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Automatic Behaviour in Individuals With Narcolepsy: A Qualitative Approach.

Morandin, Michelle (2005) Automatic Behaviour in Individuals With Narcolepsy: A Qualitative Approach. PhD thesis, Victoria University.

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Abstract

Narcolepsy is a debilitating sleep disorder, characterized by excessive daytime sleepiness, cataplexy, hypnogogic hallucinations, sleep paralysis and automatic behaviour. Automatic behaviour can be defined as 'stereotyped and repetitive sequences of actions that are performed without awareness', which usually occur during monotonous tasks (Zorick, Salis, Roth, & Kramer, 1979, p. 194). A classic example is reaching a destination without realizing how one got there. At present little is known about this complex phenomenon, and research in the area is minimal. The aim of the current study was to document the phenomenon of automatic behaviour in ten individuals with narcolepsy (selected on the basis of self-report of moderate to severe automatic behaviour), via phenomenological analysis and a series of case studies. Data was obtained through two structured interviews with each participant, an interview with a spouse or family member, a weekly journal and a daily journal (completed on minimal medication). Using qualitative methodology, a number of important features of automatic behaviour were identified. The current study provided an in depth analysis of the loss of recall associated with episodes of automatic behaviour and was able to define the types of errors associated with this state (sequencing errors, item/ environment intrusions, perseverative action leading to nonsense, context inappropriate behaviours). Different types of automatic behaviour were identified. Type 1 (sleepiness with low cognitive load) and Type 2 (sleepiness with high cognitive load) have been previously reported in the literature (but not so labeled). Type 3 (high cognitive load without sleepiness) however has not previously been identified. The vigilance levels associated with these types (from microsleeps to fluctuating vigilance levels) were discussed, making comparisons with previous research in the area (Guilleminault et al, 1975; Valley, & Broughton, 1981; 1983). Subsequently, a hypothesised formula for automatic behaviour was developed, including the various factors in its manifestation (that is, excessive daytime sleepiness, cognitive load, and individually determined threshold for automatic behaviour). A descriptive model of automatic behaviour was also developed and compared to previous research. An explanation from a cognitive perspective was considered, linking the automatic behaviour experienced in narcolepsy to automatic behaviour in normals. Finally, a questionnaire to measure automatic behaviour was developed, for further research to pilot.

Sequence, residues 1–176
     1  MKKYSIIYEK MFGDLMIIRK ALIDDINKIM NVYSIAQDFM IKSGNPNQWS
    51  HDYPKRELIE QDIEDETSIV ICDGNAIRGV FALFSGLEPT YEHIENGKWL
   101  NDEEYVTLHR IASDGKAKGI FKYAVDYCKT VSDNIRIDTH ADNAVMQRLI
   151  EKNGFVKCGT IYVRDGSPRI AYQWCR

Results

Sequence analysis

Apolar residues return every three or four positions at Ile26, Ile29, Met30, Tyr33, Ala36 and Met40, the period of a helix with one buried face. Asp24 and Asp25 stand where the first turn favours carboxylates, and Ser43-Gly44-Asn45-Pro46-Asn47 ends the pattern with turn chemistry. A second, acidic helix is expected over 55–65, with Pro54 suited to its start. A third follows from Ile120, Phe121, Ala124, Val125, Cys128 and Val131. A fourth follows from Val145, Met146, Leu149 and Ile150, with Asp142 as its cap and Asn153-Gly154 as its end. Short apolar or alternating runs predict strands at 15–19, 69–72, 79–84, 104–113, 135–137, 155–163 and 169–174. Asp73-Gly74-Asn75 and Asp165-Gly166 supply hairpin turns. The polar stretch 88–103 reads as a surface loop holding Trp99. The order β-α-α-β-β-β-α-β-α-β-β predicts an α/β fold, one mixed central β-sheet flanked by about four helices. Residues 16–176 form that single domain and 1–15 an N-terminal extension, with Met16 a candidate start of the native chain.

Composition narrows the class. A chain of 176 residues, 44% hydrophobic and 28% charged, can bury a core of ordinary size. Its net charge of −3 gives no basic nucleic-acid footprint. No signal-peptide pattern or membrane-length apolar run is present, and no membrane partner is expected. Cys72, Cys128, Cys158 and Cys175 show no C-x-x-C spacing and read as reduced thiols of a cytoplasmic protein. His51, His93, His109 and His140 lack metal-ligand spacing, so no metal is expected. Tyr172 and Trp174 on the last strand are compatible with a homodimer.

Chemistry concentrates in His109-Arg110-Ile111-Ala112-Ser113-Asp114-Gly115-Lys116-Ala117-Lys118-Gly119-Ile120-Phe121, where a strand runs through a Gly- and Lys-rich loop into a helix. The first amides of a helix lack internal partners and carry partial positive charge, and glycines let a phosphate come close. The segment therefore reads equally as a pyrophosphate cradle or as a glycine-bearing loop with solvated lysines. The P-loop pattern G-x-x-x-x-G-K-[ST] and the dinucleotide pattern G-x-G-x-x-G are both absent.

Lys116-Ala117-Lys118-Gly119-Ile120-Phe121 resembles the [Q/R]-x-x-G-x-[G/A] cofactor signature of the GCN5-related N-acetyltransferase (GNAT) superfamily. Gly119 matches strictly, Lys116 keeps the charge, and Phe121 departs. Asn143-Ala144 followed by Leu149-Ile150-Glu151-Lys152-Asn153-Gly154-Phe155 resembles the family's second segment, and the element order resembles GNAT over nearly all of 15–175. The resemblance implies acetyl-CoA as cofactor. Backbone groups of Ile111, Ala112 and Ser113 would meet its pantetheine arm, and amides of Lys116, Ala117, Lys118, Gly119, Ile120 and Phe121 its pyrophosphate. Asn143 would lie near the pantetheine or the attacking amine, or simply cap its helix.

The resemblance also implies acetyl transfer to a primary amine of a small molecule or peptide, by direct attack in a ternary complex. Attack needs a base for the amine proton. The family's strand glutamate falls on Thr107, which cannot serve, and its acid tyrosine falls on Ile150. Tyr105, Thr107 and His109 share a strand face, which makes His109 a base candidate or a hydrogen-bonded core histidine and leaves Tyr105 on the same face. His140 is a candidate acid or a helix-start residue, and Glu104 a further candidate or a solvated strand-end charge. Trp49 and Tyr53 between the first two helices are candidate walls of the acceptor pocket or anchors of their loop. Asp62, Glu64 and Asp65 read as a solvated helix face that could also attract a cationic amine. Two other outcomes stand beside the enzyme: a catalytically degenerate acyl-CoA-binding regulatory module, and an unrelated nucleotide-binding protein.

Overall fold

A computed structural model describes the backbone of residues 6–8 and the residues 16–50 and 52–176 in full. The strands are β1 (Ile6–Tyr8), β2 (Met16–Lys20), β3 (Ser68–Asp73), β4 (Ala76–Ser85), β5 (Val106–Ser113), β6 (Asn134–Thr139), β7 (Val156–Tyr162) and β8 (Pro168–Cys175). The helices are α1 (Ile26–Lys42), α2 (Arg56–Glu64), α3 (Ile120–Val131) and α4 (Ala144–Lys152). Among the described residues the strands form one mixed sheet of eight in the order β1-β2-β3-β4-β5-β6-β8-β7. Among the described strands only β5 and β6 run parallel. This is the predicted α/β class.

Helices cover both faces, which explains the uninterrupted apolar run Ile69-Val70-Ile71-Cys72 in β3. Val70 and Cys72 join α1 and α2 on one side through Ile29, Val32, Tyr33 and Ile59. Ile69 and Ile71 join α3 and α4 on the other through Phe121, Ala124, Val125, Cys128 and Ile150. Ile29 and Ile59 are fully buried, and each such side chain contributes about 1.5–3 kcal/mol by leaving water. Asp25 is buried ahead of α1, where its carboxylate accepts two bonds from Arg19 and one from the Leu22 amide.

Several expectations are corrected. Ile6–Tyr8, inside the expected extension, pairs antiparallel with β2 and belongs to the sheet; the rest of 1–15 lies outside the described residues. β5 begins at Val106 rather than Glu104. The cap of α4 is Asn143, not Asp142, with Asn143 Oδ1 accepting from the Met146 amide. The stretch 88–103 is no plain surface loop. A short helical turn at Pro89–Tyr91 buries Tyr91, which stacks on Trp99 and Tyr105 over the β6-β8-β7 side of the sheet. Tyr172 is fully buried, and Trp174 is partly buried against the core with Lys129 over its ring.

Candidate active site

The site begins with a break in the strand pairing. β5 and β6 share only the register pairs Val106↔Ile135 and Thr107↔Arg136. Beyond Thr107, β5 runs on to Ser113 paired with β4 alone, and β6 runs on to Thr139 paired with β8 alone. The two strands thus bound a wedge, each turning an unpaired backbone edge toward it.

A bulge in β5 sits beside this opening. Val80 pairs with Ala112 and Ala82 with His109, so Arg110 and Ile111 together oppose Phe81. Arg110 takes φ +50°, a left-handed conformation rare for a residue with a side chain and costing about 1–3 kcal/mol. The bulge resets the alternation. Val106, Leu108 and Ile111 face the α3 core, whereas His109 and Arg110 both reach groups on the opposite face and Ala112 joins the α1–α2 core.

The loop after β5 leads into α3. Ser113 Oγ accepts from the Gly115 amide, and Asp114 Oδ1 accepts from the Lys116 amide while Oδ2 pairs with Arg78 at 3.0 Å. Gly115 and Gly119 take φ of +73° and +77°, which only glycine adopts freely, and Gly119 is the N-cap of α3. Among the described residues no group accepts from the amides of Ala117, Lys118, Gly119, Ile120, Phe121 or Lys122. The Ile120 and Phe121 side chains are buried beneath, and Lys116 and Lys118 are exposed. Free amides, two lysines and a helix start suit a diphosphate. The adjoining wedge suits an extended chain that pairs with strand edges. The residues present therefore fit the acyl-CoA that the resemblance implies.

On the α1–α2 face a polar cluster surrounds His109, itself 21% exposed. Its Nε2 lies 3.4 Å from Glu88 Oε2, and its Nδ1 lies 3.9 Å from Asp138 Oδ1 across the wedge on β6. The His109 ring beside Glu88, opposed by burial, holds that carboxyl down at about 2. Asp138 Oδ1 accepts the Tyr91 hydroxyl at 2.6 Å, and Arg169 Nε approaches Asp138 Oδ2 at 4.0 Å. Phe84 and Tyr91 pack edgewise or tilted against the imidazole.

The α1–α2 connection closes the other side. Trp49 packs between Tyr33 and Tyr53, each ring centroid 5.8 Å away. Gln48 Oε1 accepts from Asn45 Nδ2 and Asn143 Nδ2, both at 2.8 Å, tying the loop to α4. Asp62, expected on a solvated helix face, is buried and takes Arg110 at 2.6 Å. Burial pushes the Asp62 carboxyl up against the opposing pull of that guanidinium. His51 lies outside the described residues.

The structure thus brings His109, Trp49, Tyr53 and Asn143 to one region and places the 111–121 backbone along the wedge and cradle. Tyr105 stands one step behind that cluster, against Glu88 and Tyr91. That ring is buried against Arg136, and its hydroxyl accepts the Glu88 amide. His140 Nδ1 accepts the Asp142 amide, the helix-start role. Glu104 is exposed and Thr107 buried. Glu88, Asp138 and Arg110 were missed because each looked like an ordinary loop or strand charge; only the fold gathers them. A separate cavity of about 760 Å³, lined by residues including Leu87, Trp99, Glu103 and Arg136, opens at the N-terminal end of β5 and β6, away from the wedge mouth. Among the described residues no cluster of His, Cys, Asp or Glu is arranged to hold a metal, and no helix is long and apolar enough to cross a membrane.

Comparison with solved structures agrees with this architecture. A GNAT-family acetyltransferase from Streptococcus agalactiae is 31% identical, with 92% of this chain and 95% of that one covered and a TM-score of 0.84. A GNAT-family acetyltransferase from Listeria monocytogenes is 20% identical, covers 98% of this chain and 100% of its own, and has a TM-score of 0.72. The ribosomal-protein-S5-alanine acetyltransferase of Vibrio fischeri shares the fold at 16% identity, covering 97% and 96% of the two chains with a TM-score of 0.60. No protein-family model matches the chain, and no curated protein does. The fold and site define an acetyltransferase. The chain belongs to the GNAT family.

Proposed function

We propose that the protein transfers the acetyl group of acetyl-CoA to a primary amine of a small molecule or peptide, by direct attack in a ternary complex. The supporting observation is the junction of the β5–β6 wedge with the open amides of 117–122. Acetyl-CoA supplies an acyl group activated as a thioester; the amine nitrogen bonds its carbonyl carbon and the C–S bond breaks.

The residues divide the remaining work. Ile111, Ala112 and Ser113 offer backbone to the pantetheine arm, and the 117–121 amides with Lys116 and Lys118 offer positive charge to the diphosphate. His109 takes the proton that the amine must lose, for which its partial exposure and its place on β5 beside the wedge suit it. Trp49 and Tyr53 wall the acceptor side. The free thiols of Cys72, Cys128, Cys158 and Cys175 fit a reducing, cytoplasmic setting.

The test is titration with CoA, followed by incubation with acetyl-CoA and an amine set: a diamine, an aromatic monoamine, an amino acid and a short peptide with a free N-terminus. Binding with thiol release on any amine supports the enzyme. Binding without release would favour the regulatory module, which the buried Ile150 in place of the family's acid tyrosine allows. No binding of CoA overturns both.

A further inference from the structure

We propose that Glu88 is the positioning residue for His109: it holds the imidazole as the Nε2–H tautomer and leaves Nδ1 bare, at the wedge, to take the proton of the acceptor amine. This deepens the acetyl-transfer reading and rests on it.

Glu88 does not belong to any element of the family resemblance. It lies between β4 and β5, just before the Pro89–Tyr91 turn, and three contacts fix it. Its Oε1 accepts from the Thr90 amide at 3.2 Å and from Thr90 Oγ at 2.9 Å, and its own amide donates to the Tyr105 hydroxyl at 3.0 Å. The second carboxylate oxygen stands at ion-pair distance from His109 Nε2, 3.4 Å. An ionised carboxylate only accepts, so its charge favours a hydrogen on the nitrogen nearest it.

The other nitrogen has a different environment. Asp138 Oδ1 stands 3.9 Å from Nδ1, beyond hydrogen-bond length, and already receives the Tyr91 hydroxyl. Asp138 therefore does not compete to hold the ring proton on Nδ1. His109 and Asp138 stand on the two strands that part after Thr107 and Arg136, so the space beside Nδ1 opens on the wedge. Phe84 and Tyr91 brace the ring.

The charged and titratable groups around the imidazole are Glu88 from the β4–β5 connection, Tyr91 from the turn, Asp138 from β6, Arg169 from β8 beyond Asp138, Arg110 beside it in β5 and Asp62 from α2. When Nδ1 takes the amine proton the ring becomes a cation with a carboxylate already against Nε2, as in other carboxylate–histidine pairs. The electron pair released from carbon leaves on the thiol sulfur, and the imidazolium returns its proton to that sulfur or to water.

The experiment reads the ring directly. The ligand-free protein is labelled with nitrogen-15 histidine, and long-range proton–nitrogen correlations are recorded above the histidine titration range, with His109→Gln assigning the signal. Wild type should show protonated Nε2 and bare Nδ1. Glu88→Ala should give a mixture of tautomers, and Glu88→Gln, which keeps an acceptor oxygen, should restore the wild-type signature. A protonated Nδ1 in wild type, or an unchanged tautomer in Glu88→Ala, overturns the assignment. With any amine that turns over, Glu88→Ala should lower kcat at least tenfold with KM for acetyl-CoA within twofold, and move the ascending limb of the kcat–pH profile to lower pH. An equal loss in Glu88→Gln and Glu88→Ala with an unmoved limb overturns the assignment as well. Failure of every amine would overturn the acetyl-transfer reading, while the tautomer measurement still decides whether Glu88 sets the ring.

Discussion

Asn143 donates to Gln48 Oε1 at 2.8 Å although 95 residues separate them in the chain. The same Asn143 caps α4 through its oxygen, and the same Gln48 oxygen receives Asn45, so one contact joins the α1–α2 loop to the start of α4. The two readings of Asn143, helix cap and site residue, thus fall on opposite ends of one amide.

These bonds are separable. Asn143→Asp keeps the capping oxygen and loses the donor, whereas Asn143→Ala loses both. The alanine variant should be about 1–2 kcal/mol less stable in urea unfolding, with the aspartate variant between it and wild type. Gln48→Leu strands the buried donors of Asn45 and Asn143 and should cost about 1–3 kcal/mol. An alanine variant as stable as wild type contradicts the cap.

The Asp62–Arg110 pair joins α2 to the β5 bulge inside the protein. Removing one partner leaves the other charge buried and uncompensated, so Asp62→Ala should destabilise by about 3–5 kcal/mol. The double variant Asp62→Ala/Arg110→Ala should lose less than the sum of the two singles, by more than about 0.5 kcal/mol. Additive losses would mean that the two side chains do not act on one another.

Item Type: Thesis (PhD thesis)
Uncontrolled Keywords: behaviour; individuals; narcolepsy; sleep disorder
Subjects: RFCD Classification > 320000 Medical and Health Sciences
Faculty/School/Research Centre/Department > School of Social Sciences and Psychology
Depositing User: Mr Angeera Sidaya
Date Deposited: 29 May 2006
Last Modified: 23 May 2013 17:11
URI: http://vuir.vu.edu.au/id/eprint/429
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